By Meenakshi Iyer
New Delhi: A high profile art exhibit in the US kick started on September 25 to spread awareness about the Sikh identity. On the same day, 41 year-old Sikh-American techie Maan Singh Khalsa was attacked by a group of five to six “white men”, who “cut a fistful of his hair with a knife and assaulted him”.
“Mr Khalsa was driving on the night of September 25 when a man in a truck threw a beer can at his car wholly unprovoked. At an intersection further up the road, three men got out of the truck and assaulted him through his open car window, knocking off his Sikh turban and hitting his face repeatedly. They shouted, “Cut his fu****g hair,” pulled his head out of the window, and cut a fistful of his religiously-mandated unshorn hair with a knife,” a press statement released recently by The Sikh Coalition, a Sikh American advocacy and community development organisation, read.
A few days back in Canada – whose Prime Minister Justin Trudeau boasts of having more Sikhs in his cabinet than Indian PM Narendra Modi’s – posters titled, ‘F*** your turban’ were pasted all across the University of Alberta campus.
Released by the Immigration Watch Canada, the posters featured a face of a Sikh man and stated: “If you’re so obsessed with your third-world culture, go the f*** back to where you came from!”
Ballads of praises have been sung on the achievements of 105 year-old British Sikh runner Fauja Singh, 9/11 Sikh hero Sat Hari Singh, Canadian Sikh defence minister and combat veteran Harjit Sajjan and many more.
But at the same time, horror stories galore on the sufferings of gas station owner Balbir Singh Sodhi, actor Waris Singh Ahluwalia and US Navy veteran Kuldip Singh Nag – all attacked, targeted and shamed for their Sikh faith and identity.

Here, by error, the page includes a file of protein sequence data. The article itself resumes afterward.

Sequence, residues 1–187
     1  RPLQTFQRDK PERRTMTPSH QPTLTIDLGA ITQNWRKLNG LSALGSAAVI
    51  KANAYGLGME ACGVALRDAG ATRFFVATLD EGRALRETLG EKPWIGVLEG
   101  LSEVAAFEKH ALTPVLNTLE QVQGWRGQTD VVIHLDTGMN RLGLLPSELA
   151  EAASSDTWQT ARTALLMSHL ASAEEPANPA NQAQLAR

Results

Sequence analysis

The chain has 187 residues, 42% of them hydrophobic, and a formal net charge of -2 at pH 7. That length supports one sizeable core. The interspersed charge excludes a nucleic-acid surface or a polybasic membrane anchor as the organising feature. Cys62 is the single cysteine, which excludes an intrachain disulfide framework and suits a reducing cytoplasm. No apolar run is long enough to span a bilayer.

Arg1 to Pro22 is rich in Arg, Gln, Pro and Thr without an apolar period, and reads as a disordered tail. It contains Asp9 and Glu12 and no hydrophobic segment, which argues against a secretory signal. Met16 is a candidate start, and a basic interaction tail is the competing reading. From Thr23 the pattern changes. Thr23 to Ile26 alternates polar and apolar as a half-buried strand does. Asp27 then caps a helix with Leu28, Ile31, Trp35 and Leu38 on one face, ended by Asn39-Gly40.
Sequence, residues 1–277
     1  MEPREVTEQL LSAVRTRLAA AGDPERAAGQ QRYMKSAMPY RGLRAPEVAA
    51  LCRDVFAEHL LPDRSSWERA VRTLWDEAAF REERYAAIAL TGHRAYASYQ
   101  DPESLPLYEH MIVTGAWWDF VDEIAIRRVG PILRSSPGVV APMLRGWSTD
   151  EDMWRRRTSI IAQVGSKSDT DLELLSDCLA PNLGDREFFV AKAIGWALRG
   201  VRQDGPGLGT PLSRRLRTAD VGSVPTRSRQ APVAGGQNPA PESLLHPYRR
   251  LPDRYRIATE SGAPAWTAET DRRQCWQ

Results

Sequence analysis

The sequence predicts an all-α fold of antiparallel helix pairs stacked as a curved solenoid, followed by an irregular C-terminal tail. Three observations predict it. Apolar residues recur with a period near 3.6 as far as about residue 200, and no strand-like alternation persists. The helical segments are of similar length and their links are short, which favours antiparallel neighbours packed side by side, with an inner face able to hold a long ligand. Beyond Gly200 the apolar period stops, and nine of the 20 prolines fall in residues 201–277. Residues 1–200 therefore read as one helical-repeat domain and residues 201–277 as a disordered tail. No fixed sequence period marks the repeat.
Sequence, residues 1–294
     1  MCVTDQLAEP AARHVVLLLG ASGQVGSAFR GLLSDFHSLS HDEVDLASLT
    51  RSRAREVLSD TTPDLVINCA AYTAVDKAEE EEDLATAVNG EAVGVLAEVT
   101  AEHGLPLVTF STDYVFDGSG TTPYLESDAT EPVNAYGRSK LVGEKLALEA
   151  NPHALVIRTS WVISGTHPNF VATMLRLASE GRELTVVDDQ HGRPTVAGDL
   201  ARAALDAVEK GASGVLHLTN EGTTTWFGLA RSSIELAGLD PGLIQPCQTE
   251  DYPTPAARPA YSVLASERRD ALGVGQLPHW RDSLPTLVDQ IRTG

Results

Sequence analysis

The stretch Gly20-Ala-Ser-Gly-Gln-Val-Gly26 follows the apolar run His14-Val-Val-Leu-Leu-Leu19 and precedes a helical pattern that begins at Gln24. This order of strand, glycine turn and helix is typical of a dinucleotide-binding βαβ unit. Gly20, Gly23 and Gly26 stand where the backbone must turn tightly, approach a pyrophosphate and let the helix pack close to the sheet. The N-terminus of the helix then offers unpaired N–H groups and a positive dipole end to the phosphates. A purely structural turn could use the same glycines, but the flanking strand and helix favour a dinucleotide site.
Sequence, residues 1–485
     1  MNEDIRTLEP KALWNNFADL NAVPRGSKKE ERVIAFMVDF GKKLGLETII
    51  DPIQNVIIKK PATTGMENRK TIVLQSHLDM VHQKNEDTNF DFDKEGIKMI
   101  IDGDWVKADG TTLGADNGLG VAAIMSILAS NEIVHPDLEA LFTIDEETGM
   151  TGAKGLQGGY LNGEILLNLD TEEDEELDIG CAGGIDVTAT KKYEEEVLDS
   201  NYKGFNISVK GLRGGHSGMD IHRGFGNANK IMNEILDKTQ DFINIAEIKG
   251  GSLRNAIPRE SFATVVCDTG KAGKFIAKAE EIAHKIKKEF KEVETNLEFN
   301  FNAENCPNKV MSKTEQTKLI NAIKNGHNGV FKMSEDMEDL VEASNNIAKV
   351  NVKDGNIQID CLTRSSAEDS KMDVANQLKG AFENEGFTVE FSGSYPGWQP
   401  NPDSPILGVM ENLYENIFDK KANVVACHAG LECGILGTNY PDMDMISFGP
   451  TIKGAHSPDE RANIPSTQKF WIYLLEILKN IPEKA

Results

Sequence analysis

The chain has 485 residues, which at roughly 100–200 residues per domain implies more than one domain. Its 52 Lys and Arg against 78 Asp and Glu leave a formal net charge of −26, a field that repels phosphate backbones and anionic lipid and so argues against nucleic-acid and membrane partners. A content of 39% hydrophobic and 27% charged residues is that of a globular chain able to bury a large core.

According to reports, a Sikh abroad remains hundred times more likely to be targeted in cases of profiling, bigotry and backlash than the average American, Britain or Canadian, and this despite the fact that Sikhism is the fifth largest religion with more than 25 million followers across the world.
The Sikh diaspora
Sikhs, predominantly from the Punjab, have their presence in countries all across the world, especially the English-speaking and East Asian nations. While emigrating, the Sikhs have retained their distinctive cultural and religious identity.
Sikh migration from India began in the second half of the 19th century when the Britishers had annexed the whole of Punjab. The British Raj preferred Sikhs in the Indian Civil Service, particularly, in the British Indian Army, which led to migration of Sikhs to different parts of British India and the British Empire.
During this era, semiskilled Sikh workers were also transported from the Punjab to British East Africa to help in the building of railways. After World War II, most Sikhs from India and Pakistan emigrated to the United Kingdom and North America due to economic reasons.
Significant Sikh population now resides in United Kingdom, Canada, the United States, Malaysia, East Africa, Australia and Thailand.
9/11 and the Sikhs
Prior to 9/11, the Sikh diaspora faced racial discrimination and a legal system that denied them citizenship on the basis of their skin color.